Well, it’s moment of truth time for our Harrogate-grown coffee beans. You may remember we grew, harvested and processed the coffee from our own plants and managed to create just half a kilo of precious green coffee beans.
This week, Emily, one of our expert coffee buyers, was both nervous and excited about ‘cupping’ the coffee beans, but first she had to roast them. She decided to create a Dark, Medium and a Light roast of our Harrogate Harvest beans.
Once roasted in special mini sample roasters in the cupping room, four 10g cups of each of the three different roasts of the Harrogate Harvest beans are weighed out then ground to a medium filter-style grind. Freshly drawn and boiled water is then poured over the coffee. The grounds form a crust on the surface and are left to brew for four minutes.
Emily then works her way along the 12 cups, divided by roast onto three trays, with her nose almost touching the surface she breaks the crusts with her tasting spoon to release the aroma and she analyses each cup. First impressions?
“The dark roast is nice and clean. The medium has a pleasant sweetness. The light roast is quite disappointing. It’s thin with no character to it.” said a discerning Emily.
After skimming off any foam, and whilst waiting 5-10 minutes for them to cool a little, Emily explained how the coffee Taylors buys is graded so beans are a uniform size and density. This means when roasting, they all roast at a similar rate. The Harrogate roast wasn’t graded though as we didn’t have enough coffee and therefore irregular sized and density beans mean we won’t have a uniform roast so some beans may be a little ‘quakery’ (under-roasted) and others might catch a bit and create a slightly sooty flavour.
With the coffee now at the correct temperature, Emily moved onto the taste, rapidly slurping then spitting out spoonfuls from each of the four cups from the three different roasts, from the light roast up to the dark roast and then back down to the light.
“The light roast is clean, with some good acidity but no sweetness to balance it, this makes it quite astringent and it’s lacking complexity. There’s no aroma and it’s a bit thin.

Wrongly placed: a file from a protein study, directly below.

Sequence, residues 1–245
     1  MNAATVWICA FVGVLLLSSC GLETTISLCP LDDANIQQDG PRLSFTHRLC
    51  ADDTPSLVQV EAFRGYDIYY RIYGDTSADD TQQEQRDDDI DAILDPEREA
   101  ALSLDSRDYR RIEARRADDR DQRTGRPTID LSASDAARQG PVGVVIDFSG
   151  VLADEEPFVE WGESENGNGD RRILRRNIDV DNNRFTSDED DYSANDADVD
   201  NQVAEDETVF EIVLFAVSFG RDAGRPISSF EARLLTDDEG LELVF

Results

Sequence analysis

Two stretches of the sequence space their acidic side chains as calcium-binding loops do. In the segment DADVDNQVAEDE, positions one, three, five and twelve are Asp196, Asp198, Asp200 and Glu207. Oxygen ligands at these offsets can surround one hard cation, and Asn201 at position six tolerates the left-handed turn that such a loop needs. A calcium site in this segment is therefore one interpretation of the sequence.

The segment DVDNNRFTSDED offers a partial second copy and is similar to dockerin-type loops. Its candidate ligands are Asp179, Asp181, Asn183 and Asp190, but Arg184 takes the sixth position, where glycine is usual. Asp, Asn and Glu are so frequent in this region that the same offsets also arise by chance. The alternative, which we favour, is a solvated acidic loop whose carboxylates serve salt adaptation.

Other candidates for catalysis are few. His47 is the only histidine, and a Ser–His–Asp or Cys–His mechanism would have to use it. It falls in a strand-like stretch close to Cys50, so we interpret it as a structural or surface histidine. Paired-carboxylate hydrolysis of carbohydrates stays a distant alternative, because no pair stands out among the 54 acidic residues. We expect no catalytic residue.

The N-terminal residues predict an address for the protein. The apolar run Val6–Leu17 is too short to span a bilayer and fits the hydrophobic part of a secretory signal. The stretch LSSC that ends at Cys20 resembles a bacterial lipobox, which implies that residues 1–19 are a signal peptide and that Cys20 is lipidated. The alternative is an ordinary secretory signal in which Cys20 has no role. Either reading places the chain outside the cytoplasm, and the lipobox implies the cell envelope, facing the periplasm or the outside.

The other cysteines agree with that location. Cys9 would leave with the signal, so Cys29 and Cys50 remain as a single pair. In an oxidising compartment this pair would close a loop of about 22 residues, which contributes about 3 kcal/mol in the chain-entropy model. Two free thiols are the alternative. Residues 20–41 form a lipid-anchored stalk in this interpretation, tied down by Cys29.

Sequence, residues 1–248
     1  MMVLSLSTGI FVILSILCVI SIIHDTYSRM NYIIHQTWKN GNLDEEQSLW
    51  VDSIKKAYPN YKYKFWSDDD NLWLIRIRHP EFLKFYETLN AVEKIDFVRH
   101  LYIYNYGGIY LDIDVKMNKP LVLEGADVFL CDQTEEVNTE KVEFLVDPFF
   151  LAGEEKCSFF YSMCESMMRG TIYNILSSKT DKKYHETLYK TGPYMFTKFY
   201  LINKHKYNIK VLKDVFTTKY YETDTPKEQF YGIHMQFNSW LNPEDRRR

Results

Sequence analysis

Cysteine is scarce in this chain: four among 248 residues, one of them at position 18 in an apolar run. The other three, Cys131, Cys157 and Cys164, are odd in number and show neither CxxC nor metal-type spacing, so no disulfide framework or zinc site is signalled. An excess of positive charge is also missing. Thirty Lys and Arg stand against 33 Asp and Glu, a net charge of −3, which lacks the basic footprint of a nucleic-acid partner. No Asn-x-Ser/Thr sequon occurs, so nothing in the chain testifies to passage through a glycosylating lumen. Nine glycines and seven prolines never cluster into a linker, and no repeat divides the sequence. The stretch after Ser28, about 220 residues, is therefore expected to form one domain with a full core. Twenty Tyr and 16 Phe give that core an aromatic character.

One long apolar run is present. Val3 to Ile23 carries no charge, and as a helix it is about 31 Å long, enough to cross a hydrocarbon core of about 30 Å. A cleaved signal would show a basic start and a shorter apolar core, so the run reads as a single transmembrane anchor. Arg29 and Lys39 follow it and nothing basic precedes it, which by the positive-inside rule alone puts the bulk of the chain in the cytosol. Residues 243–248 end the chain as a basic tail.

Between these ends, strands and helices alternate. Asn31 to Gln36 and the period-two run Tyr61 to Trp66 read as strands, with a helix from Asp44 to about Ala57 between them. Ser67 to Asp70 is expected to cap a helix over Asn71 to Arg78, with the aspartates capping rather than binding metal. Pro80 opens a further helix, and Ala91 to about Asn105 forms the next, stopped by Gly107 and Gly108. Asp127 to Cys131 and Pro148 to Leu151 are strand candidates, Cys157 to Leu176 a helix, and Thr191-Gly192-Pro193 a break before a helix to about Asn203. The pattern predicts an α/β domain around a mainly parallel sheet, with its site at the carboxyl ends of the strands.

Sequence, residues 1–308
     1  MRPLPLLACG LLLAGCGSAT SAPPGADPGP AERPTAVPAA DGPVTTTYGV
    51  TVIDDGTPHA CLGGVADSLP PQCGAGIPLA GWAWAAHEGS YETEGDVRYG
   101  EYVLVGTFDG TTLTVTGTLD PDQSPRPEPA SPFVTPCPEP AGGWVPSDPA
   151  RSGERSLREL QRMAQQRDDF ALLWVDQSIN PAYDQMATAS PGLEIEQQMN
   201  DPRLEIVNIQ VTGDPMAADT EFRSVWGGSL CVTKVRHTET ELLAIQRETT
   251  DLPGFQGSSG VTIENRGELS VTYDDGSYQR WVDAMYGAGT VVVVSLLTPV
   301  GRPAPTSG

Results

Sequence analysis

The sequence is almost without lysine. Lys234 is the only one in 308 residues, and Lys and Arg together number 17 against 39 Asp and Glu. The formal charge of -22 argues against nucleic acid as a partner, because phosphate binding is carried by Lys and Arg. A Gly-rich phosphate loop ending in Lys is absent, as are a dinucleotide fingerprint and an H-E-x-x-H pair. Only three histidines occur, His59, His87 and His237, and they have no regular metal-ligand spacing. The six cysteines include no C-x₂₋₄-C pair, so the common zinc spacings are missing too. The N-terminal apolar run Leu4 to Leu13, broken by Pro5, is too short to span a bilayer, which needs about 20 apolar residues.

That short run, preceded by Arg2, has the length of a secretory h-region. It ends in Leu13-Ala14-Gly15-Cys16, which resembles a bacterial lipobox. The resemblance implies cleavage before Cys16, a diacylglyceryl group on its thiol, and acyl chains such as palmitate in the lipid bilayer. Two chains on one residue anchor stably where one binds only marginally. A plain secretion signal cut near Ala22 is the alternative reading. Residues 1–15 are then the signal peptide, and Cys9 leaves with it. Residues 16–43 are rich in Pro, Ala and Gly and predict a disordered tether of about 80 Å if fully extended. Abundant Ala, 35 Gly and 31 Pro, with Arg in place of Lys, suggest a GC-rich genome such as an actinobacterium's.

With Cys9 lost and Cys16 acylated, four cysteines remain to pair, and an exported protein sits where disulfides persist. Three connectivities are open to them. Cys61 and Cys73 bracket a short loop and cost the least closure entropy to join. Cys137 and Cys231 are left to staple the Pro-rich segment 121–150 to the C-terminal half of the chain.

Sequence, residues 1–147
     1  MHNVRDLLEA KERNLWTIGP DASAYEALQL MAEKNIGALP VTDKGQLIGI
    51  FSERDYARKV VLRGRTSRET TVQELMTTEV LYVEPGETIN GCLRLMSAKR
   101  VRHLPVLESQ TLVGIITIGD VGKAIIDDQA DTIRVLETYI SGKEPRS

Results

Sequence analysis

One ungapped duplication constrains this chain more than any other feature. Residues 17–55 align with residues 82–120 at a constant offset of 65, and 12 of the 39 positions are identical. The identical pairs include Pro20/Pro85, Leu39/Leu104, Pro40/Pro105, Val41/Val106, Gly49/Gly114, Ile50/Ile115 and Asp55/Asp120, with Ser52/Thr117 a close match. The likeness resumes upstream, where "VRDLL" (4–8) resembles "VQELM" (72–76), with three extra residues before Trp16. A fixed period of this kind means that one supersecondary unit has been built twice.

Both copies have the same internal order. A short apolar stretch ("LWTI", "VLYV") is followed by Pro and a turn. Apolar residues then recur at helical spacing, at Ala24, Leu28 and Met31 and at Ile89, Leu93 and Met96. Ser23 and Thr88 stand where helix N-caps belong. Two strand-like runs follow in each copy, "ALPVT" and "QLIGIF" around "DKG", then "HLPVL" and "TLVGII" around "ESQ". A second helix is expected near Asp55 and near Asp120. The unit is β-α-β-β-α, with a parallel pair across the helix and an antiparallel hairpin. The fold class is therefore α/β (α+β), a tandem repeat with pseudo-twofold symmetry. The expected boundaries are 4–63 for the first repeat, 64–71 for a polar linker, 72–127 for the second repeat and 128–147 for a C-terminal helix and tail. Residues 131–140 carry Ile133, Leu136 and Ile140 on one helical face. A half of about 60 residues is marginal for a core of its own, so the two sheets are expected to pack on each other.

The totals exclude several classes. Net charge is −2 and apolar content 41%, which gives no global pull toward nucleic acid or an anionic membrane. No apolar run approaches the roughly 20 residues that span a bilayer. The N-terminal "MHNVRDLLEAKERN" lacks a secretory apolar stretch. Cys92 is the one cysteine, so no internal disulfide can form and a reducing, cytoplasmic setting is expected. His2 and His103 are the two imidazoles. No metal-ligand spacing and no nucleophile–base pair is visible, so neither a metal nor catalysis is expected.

“The medium roast is very different. It’s slightly honeyed. There’s a nice pleasant aroma of stone fruit with some sweetness to it – quite plummy. This is most likely a symptom of the ‘pulped natural’ process we used where some fruit is left on the parchment of the coffee beans. As for the dark roast, it just doesn’t suit the bean. Some beans have caught a bit and it tastes sooty. It’s gone to far.”
Coffee normally grows in the tropics. The best quality coffees are found above 1000 meters above sea level, usually under the shade of indigenous trees in rich, fertile soils.
“Harrogate isn’t exactly tropical and at barely 150 metres above sea level, our home grown coffee beans weren’t grown at high altitude. So the Harrogate Harvest coffee isn’t particularly well-balanced or complex like East African or Central American coffees, but it’s not bad.”
A beaming Emily was upbeat; “I’m very proud. We didn’t think it could have been done after last year’s disaster where the beans rotted and stank. Next year we’re going to keep a closer eye on them and pick them as they ripen. Hopefully we’ll have enough to grade the green beans to achieve a more uniform roast. We might keep the fruit from the pulping stage and dry it. In fact, the tea experts next door might want to try making the fruit into a tea infusion.”
So there you go, it can be done, but it’s very much a work in progress. Hopefully next year’s harvest will be even more fruitful. Naturally, we’ll keep you posted.